Social networks have a relatively large and multifaceted effect on the stability of intimate relationships, based on proportional hazard analysis involving 290 individuals. Perceptions of approval from a respondent's friends and approval from a partner's family increase relationship stability. On the other hand, perceived approval from a respondent's family, overall encouragement to date, and closeness to a best friend decrease-stability in the multivariate model. Perceptions of social approval are better at predicting stability than actual approval. The effects of social networks occur even after controlling for the significant effects of dyadic variables such as the perceived existence of alternatives, closeness to the partner, and arguing. Findings confirm the positive and negative roles of social ties and support the argument that friendships can compete with romantic relationships for companionship.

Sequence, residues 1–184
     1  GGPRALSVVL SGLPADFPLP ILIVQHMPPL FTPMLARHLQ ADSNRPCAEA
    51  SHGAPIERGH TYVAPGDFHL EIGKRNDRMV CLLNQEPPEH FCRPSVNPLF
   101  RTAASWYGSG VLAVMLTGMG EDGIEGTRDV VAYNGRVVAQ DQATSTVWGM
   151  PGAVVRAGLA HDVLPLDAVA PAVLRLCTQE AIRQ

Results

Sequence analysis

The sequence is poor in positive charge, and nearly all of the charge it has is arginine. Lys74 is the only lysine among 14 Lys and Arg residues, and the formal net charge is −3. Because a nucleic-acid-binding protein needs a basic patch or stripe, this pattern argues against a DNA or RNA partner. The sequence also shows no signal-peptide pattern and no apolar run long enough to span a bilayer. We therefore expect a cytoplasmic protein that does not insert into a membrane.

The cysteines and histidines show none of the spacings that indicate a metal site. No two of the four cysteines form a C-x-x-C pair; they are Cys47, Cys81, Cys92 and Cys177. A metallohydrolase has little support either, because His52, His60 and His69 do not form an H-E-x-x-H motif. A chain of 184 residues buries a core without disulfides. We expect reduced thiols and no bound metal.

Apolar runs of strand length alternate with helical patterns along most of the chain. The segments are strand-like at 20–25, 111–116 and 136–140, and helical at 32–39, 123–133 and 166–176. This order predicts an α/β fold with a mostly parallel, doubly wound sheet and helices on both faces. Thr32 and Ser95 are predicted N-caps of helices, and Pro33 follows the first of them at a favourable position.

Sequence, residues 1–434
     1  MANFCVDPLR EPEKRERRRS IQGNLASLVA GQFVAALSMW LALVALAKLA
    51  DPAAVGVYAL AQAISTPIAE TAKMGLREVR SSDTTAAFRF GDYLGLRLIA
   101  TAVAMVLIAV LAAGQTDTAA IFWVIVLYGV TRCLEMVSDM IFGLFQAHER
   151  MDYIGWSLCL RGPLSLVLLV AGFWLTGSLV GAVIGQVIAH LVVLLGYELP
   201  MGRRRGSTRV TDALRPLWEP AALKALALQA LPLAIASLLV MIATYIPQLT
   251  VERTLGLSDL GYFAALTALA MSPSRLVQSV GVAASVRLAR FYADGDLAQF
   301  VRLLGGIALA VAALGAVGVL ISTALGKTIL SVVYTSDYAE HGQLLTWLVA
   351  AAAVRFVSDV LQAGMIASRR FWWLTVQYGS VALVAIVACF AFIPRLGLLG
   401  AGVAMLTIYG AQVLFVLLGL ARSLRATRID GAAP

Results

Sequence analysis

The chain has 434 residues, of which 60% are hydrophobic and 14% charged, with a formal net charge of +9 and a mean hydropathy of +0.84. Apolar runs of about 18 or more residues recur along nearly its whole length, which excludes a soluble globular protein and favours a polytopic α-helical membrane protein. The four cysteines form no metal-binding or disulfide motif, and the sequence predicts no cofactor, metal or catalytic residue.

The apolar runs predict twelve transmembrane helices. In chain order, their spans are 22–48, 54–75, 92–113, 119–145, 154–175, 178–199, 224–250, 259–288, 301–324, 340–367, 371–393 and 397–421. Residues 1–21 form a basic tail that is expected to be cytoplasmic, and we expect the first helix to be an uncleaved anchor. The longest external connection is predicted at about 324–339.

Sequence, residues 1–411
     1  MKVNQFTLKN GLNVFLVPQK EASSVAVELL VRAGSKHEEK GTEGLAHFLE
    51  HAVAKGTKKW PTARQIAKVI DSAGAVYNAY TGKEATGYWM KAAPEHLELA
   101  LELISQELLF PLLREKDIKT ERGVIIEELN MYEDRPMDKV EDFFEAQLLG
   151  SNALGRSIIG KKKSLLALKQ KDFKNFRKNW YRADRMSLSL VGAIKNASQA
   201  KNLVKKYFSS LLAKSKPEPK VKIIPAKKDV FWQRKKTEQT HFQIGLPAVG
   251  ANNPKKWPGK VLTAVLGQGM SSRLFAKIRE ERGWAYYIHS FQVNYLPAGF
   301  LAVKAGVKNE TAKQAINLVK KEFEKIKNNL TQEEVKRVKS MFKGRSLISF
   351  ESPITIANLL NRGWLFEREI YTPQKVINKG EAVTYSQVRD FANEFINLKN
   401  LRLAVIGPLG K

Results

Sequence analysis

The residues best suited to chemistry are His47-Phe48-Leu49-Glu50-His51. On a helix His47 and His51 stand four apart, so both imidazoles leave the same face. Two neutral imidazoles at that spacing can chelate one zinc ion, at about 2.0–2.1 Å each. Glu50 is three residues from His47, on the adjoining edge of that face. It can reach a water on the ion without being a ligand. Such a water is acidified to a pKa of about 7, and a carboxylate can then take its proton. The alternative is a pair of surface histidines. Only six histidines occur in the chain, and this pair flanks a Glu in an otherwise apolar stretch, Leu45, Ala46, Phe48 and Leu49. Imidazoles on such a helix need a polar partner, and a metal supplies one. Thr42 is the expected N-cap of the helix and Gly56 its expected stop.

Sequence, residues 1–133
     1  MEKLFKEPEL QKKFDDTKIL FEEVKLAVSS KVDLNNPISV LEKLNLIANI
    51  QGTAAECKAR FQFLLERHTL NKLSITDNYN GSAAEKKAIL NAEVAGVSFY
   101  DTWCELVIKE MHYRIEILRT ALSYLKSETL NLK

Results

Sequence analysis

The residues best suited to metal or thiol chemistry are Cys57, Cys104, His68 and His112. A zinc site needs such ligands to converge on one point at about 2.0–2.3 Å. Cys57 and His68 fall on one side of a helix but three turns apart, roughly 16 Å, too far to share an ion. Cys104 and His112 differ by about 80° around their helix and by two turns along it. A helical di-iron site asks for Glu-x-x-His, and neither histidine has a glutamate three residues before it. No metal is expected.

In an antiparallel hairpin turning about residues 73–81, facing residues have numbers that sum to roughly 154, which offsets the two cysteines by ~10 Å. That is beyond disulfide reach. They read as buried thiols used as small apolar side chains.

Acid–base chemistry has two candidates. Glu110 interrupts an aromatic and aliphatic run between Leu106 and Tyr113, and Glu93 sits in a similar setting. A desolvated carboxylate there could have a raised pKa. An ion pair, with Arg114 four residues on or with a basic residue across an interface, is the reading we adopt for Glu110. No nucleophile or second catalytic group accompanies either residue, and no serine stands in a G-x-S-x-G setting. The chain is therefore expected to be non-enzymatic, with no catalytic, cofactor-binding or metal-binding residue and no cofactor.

All Science Journal Classification (ASJC) codes
- Sociology and Political Science